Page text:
Saturday 29 September 1666

A little meeting at the office by Sir W. Batten, Sir W. Pen, and myself, being the first since the fire. We rose soon, and comes Sir W. Warren, by our desire, and with Sir W. Pen and I talked of our Scotch motion, which Sir W. Warren did seem to be stumbled at, and did give no ready answer, but proposed some thing previous to it, which he knows would find us work, or writing to Mr. Pett to be informed how matters go there as to cost and ways of providing sawyers or saw-mills. We were parted without coming to any good resolution in it, I discerning plainly that Sir W. Warren had no mind to it, but that he was surprised at our motion. He gone, I to some office business, and then home to dinner, and then to office again, and then got done by night the lists that are to be presented to the Parliament Committee of the ships, number of men, and time employed since the war, and then I with it (leaving my wife at Unthanke’s) to St. James’s, where Sir W. Coventry staid for me, and I perused our lists, and find to our great joy that wages, victuals, wear and tear, cast by the medium of the men, will come to above 3,000,000; and that the extraordinaries, which all the world will allow us, will arise to more than will justify the expence we have declared to have been at since the war, viz., 320,000l., he and I being both mightily satisfied, he saying to me, that if God send us over this rub we must take another course for a better Comptroller. So parted, and I to my wife [at Unthanke’s], who staid for the finishing her new best gowne (the best that ever I made her coloured tabby, flowered, and so took it and her home; and then I to my people, and having cut them out a little more work than they expected, viz., the writing over the lists in new method, I home to bed, being in good humour, and glad of the end we have brought this matter to.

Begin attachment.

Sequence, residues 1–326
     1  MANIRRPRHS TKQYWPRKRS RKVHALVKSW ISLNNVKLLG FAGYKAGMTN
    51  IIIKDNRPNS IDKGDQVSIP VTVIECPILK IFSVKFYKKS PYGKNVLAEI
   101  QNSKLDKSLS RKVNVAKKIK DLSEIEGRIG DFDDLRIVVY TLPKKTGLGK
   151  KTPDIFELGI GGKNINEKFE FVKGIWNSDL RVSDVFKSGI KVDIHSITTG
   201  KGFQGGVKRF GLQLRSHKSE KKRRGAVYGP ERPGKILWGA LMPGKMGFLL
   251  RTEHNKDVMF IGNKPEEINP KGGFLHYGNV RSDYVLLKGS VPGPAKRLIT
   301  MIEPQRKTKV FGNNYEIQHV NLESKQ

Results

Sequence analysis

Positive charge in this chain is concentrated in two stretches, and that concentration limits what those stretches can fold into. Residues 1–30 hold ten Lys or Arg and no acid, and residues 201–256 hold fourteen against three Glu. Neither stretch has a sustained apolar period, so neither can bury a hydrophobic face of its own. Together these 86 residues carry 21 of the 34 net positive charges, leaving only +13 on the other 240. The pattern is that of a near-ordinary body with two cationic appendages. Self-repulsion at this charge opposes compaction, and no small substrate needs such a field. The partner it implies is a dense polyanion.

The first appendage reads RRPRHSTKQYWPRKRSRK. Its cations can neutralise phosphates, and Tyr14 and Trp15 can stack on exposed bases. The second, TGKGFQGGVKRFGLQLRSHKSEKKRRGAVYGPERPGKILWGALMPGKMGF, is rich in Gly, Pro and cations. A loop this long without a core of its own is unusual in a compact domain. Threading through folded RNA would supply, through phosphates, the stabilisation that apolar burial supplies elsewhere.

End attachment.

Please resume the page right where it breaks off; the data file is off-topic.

7 Annotations

Terry Foreman   Link to this

John Evelyn's Diary

Septenber 29 Michaelmas-day [ http://en.wikipedia.org/wiki/Michaelmas ], I went to visite my Bro: Richard, who was now indisposd in his health:

http://www.geocities.com/Paris/LeftBank/1914/ed...

Australian Susan   Link to this

Unthanke's the tailor's seems to operate rather like a Ladies' Club. I imagine a group of them sitting around drinking hot chocolate and eating macaroons discussing fabrics on display and matching up ribbons and trimmings and so on. And exchanging gossip.....

Robert Gertz   Link to this

"...the best that ever I made her..."

You can take the boy out of the tailor's shop but...

Robert Gertz   Link to this

Warren senses danger in this wheeler-dealer plan of Penn and Pepys...Fear that Parliament might frown at Navy officials involved in timber speculation at such a time?

***
"...and so took it and her home; and then I to my people, and having cut them out a little more work than they expected, viz., the writing over the lists in new method, I home to bed, being in good humour,..."

Cute turn of phrase there...And nice to see him showing a little pleasure in making the Missus happy. I suspect someone will be laying long in bed tomorrow.

Mary   Link to this

"our Scotch motion"

Possible spoiler.

L&M footnotes tell us that nothing was to come of this proposal and, furthermore, that timber from Scotland was generally reckoned by the Navy to be of poorer quality than that from either England or foreign sources.

JWB   Link to this

2 jokes, 1 entry:

1)"..talked of our Scotch motion, which Sir W. Warren did seem to be stumbled at,"
2)"...best gowne (the best that ever I made her...and then I to my people, and having cut them out a little more work..."

Terry Foreman   Link to this

"the expence we have declared to have been at since the war, viz., 320,000l.,"

L&M note "Recte £3,200,000." and source it. "The expense was £3,200,516 (£2,195,560 being paid by the Navy Treasury and £74,460 by the Exchequer). Debts at 29 September stood at £930,496."

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